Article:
Euticus Mola is a mental health advocate who runs an online men’s health platform dubbed Men Talk Health Kenya.
1. Why did you start Men Talk Health Kenya?
To create a space where I could share my experience as someone who once struggled with mental health and was diagnosed with anxiety and depression.
I learnt a lot through books and in therapy sessions, and I yearned for a place where I could openly talk about it all.
Once I started, I realised that there is a shortage of safe spaces that highlight men’s health issues in today’s society. I hope the platform will grow, both online and offline, to facilitate this.
The Covid-19 pandemic has had a huge impact on our way of life and, by extent, our mental well-being.
At the moment, I am the only one running the platform and there is only so much I can do, but I use it to share knowledge that can help people cope better with the effects of the virus, and I also share accurate information about it.
2. What is the biggest problem that men face today? Is it feminism?
The problem is that emotional stoicism has for long been the greatest hallmark that defines masculinity.
It is not that men do not feel the full spectrum of human emotions, it’s just that we are socialised to hide this, and that can end up having an adverse effect on one’s mental wellbeing.
Feminism isn’t masculinity’s biggest problem. It shouldn’t be a problem, to begin with. The challenge is in redefining what it means to be a man today.
Society has evolved over the ages, and we have seen a massive shift in areas such as job opportunities. While feminism has given women a platform to become more vocal about their issues, masculinity has retained its traditional definition.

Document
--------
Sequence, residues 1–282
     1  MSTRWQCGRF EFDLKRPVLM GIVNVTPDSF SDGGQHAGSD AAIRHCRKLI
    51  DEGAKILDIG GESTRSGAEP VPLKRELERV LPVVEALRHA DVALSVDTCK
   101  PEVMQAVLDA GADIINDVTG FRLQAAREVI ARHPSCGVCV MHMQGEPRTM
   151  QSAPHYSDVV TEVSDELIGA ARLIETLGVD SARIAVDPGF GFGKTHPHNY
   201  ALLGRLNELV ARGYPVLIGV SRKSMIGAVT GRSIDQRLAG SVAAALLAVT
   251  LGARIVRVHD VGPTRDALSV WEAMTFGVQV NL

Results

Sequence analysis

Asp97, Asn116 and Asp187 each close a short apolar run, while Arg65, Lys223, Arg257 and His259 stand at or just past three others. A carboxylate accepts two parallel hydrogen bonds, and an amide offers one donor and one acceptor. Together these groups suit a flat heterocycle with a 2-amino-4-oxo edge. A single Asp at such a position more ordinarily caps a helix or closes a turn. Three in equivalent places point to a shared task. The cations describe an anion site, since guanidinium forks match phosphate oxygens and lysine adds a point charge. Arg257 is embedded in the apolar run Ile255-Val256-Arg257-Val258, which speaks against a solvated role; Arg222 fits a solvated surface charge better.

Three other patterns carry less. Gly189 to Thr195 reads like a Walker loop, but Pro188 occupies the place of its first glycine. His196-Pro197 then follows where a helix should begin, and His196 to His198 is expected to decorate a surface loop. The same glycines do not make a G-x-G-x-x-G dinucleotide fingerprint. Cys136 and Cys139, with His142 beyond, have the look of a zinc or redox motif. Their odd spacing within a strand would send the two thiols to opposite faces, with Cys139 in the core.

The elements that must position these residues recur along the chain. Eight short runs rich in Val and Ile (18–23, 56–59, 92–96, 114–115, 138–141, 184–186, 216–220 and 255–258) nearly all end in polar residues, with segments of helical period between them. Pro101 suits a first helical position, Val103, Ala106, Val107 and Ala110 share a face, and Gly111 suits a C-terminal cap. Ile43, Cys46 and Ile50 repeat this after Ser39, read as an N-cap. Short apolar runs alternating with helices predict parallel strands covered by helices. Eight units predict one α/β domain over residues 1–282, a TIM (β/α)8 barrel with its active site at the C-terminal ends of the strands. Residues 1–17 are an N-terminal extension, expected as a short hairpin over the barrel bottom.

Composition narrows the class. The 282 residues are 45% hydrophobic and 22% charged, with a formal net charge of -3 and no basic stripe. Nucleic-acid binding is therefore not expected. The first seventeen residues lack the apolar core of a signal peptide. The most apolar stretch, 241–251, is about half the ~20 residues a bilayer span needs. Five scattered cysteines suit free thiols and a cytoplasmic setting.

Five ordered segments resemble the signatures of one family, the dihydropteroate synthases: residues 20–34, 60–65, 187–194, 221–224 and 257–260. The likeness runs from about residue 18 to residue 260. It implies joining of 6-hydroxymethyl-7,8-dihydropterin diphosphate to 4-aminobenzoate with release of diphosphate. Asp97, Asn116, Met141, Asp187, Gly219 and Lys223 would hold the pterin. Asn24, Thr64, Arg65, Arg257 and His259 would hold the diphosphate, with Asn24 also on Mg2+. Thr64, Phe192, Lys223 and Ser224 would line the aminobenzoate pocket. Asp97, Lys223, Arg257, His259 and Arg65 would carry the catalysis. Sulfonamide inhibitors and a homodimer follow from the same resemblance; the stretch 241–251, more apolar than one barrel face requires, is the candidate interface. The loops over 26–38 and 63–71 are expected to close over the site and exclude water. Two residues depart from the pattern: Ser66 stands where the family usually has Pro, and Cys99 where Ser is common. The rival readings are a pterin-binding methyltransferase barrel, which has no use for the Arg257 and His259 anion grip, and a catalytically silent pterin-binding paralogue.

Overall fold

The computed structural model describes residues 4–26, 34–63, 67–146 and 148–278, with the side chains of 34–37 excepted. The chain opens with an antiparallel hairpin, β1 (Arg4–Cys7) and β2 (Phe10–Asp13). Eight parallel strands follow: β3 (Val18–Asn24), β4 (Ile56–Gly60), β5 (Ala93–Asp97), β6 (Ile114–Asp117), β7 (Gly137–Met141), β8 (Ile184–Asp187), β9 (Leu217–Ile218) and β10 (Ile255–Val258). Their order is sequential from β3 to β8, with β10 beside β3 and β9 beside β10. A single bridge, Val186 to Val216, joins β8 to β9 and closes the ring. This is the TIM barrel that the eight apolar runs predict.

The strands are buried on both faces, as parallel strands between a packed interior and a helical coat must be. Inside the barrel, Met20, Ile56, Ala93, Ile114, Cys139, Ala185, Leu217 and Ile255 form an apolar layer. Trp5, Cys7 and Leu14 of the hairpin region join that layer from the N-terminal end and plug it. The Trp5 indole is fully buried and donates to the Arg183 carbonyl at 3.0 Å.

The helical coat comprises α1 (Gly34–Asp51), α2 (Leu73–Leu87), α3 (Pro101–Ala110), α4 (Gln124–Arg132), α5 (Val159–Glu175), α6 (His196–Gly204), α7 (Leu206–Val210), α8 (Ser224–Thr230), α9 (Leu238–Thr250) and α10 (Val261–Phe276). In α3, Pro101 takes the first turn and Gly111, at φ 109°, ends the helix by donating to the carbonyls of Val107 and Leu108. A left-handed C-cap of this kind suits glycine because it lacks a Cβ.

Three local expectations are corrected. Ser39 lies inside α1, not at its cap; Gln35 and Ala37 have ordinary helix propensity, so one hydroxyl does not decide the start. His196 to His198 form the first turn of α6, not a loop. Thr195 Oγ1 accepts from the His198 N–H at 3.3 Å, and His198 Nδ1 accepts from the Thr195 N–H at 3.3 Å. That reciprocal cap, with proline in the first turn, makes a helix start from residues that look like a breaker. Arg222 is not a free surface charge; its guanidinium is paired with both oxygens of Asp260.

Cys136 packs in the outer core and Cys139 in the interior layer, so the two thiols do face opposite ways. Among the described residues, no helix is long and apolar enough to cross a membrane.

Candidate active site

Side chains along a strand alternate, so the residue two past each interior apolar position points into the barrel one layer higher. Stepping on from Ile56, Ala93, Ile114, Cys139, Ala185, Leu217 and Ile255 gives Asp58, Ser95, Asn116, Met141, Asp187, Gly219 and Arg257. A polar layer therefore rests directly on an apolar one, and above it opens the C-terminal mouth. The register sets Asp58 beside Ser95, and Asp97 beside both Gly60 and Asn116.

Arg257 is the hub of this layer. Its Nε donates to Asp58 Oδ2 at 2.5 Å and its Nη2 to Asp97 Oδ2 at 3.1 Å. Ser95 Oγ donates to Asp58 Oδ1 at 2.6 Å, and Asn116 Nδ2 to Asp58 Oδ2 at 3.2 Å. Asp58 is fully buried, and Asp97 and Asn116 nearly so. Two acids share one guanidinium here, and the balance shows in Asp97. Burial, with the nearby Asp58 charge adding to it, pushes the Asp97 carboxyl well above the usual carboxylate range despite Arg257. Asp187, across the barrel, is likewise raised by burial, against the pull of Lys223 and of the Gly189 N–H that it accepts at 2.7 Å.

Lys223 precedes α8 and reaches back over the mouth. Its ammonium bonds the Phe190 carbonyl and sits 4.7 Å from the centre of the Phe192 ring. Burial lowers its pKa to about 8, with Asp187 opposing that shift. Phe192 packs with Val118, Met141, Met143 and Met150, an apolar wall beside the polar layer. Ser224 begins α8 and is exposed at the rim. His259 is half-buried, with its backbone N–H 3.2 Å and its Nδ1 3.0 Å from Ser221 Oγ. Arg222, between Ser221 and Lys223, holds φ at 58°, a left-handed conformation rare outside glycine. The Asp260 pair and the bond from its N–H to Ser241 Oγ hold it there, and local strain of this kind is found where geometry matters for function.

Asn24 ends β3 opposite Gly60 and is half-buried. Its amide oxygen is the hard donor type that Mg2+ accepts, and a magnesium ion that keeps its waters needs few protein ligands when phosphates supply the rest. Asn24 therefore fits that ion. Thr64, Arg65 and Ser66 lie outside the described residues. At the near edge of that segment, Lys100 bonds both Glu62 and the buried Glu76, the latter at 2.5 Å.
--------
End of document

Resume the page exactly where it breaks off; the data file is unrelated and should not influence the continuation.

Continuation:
3. How are you keeping your mental health in check during this time?
It hasn’t been easy, but having the right tools helps when trying to maintain a healthy mental state.
A few things that help me include being aware of my feelings and situations, being mindful of the information I read and share, engaging in activities that keep me active such as exercising, playing music and keeping in touch with my family and friends.
4. Tell me a little bit about Beershara…
It was a blog created to shine a spotlight on the alcohol industry and the country’s drinking culture. We formed that name by joining the words beer and “biashara”, which is the Kiswahili word for business.
If the opportunity arises, I might go back to that kind of blogging but with a better understanding of the topic and not ignoring the effects of alcoholism.
5. What’s the last song you learnt how to play on the guitar?
Polycarp from Sauti Sol posted a video on his Instagram of him and Bien doing an acoustic cover of “Brighter Days”, and that’s what I’ve been trying to play.
I love the song and its rallying call for hope for a light at the end of the dark tunnel we are currently in.